|Publication number||US8026910 B2|
|Application number||US 11/478,864|
|Publication date||Sep 27, 2011|
|Filing date||Jun 29, 2006|
|Priority date||Jun 29, 2005|
|Also published as||CA2614759A1, EP1899922A2, US20070109298, WO2007002943A2, WO2007002943A3|
|Publication number||11478864, 478864, US 8026910 B2, US 8026910B2, US-B2-8026910, US8026910 B2, US8026910B2|
|Inventors||Baback Elmieh, James Ritts, David L. Durnil, Maurya Shah|
|Original Assignee||Qualcomm Incorporated|
|Export Citation||BiBTeX, EndNote, RefMan|
|Patent Citations (13), Non-Patent Citations (12), Referenced by (1), Classifications (20), Legal Events (2)|
|External Links: USPTO, USPTO Assignment, Espacenet|
Priority is hereby claimed to U.S. Provisional Patent Application Nos. 60/696,347, 60/696,185, 60/696,488, 60/696,346, and 60/696,186 each filed Jun. 29, 2005.
This patent document contains information subject to copyright protection. The copyright owner has no objection to the facsimile reproduction by anyone of the patent document or the patent, as it appears in the US Patent and Trademark Office files or records, but otherwise reserves all copyright rights whatsoever.
Aspects of the disclosure relate to tools to facilitate the development and implementation of 3D content used in embedded devices. Other aspects of the disclosure relate to tools to optimize such 3D content. The embedded devices may be mobile devices that capture, receive, and/or transmit voice, data, text, and/or images.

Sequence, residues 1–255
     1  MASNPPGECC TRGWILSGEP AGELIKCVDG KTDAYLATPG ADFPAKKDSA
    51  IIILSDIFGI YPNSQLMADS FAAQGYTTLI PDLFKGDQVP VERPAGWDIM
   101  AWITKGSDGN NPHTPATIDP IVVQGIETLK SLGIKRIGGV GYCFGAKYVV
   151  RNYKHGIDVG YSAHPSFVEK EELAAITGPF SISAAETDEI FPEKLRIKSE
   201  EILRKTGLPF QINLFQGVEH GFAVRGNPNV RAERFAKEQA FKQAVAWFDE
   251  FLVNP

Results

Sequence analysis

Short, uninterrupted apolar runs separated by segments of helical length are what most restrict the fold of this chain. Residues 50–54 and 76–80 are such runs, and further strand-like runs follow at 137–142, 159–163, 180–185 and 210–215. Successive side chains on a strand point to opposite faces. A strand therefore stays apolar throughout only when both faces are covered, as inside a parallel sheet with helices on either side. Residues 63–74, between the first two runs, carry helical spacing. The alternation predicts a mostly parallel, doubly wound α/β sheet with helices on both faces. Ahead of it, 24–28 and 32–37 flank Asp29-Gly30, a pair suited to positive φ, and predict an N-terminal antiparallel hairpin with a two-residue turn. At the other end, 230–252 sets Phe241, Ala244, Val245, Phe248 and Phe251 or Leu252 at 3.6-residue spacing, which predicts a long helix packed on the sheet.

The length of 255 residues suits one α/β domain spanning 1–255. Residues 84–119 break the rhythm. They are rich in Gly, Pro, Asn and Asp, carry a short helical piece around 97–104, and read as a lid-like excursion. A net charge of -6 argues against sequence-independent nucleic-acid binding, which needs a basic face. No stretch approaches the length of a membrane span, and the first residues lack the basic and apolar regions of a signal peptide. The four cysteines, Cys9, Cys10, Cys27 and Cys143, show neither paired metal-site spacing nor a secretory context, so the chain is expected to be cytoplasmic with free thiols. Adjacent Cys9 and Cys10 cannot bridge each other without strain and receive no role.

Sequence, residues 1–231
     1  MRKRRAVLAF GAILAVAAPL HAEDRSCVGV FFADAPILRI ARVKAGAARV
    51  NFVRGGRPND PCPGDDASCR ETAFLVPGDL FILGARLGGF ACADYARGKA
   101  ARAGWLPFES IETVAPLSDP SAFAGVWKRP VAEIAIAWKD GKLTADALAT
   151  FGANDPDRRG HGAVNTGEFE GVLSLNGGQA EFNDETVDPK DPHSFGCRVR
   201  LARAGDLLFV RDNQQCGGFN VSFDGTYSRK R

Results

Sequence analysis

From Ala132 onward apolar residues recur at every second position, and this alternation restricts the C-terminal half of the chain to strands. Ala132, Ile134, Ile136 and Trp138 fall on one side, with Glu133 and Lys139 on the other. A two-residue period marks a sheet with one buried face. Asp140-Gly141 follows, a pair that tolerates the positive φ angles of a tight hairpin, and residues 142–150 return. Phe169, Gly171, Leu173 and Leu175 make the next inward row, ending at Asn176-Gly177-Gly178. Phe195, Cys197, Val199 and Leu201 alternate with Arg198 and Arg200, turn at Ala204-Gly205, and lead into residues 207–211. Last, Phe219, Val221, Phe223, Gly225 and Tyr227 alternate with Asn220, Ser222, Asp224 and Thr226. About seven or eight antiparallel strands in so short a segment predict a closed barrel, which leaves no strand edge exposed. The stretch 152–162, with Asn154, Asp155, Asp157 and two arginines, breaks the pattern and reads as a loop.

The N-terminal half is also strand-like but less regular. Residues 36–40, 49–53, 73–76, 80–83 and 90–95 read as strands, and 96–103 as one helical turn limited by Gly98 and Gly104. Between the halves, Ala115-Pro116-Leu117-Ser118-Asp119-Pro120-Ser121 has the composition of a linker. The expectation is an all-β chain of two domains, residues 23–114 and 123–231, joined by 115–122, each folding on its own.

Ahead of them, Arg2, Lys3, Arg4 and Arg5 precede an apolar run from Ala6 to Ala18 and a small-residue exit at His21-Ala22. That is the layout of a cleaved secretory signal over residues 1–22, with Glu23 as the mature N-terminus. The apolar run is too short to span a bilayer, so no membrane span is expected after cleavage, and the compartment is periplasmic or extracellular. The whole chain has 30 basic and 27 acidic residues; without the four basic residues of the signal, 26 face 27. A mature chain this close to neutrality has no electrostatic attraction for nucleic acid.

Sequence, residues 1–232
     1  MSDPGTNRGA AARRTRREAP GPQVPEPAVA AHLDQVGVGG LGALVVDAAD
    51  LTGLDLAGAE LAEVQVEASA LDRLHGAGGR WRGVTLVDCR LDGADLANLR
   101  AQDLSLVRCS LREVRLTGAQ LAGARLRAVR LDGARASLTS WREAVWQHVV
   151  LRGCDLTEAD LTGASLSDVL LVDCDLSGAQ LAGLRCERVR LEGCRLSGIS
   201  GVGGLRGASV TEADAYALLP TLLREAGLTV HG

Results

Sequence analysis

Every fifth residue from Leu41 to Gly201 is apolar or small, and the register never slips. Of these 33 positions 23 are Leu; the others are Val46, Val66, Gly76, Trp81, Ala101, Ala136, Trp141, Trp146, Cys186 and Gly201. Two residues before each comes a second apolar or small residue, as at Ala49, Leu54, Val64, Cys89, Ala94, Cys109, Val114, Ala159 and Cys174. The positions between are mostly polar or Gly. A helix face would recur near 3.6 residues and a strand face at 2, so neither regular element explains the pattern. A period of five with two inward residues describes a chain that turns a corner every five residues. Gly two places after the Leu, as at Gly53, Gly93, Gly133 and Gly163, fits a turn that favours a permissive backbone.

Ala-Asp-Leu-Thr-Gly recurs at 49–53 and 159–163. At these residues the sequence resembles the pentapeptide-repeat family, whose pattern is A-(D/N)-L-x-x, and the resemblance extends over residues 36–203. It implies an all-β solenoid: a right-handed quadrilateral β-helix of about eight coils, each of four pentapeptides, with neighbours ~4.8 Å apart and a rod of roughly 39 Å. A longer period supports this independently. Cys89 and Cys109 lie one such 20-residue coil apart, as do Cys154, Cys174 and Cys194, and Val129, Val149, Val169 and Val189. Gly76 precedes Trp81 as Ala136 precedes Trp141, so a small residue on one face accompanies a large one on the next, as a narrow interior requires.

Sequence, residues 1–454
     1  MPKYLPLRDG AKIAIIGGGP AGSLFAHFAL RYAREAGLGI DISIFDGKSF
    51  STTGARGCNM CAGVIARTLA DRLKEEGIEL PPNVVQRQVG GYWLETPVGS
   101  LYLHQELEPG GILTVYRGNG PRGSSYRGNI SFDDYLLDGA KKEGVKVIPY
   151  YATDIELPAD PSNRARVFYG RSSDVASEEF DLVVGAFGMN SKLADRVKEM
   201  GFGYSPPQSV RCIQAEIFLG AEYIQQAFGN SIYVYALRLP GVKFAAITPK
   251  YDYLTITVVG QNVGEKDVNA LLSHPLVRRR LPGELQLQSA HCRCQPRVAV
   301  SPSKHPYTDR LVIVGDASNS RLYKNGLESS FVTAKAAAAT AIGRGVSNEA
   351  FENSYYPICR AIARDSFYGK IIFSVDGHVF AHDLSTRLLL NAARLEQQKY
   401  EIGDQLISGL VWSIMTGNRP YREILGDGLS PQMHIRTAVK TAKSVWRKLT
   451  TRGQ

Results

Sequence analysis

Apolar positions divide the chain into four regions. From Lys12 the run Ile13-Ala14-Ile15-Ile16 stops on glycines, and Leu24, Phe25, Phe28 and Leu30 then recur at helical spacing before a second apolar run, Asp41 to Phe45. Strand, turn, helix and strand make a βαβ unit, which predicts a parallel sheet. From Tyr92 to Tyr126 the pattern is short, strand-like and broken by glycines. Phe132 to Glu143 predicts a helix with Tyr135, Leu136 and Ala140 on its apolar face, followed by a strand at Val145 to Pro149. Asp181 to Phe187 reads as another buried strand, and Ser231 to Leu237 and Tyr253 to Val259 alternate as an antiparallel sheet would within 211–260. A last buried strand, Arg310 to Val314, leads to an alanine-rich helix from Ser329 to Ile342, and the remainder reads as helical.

Various systems exists which facilitate the development and implementation of 3D content used in embedded devices. Such embedded devices generally included displays to display the 3D content. In this regard, Qualcomm Corporation sells many software products under the trade name BREW™, which include, for example, SDKs which can be run on a given computer platform to develop programs for providing 3D content in embedded devices, just as mobile phones.
In accordance with one embodiment, apparatus are provided which include assets defining 3D models, including 3D icons and scenes, and animations of the 3D models. An offline optimization engine is provided to process data to be acted upon by a graphics engine of a target embedded device. A graphics engine simulator is provided to simulate, on a computer platform other than a target embedded device, select functions of a target embedded device that runs a graphics engine including API calls that directly call API functions of a hardware level API of the target embedded device.